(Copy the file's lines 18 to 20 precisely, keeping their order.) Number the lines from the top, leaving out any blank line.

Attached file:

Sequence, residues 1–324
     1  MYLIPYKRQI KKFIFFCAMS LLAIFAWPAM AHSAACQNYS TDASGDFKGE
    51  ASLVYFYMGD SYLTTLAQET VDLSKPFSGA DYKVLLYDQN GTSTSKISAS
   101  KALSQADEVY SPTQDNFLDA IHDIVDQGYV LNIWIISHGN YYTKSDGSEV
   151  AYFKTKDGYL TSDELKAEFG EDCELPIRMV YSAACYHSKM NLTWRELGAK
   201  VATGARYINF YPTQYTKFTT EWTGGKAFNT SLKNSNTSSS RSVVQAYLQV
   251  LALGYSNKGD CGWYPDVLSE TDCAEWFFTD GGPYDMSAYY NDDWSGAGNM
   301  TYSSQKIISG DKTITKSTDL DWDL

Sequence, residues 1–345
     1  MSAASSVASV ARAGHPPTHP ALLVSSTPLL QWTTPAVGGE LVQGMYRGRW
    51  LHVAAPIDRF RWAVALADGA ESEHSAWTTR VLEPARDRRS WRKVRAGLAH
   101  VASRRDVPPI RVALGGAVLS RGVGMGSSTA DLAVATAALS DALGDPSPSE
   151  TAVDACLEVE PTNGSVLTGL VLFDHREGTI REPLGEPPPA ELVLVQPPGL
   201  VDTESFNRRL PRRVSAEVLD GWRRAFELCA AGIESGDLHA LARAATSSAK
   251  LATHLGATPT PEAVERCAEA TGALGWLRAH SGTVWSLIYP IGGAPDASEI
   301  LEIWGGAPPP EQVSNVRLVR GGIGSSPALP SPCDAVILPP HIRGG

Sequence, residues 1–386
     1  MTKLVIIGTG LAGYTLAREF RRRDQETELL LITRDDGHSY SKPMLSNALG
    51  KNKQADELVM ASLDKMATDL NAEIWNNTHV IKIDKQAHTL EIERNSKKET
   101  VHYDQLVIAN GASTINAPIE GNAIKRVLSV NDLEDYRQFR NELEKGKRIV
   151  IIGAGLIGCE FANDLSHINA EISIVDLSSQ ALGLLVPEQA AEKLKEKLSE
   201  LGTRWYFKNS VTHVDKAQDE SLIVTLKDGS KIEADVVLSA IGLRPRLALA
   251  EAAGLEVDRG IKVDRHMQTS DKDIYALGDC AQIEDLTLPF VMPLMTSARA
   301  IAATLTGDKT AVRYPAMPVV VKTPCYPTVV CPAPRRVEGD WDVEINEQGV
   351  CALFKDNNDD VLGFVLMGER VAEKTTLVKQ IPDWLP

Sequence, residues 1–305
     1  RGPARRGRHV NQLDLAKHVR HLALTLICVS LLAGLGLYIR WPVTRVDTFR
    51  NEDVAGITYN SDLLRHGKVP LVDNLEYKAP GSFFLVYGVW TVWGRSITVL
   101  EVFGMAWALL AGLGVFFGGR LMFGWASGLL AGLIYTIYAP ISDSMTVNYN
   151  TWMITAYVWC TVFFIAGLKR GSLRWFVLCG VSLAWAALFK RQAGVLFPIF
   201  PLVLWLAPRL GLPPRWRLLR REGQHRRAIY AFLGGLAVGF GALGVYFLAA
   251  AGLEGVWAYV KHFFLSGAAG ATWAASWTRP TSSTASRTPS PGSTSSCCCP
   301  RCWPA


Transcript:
     1  MTKLVIIGTG LAGYTLAREF RRRDQETELL LITRDDGHSY SKPMLSNALG
    51  KNKQADELVM ASLDKMATDL NAEIWNNTHV IKIDKQAHTL EIERNSKKET
   101  VHYDQLVIAN GASTINAPIE GNAIKRVLSV NDLEDYRQFR NELEKGKRIV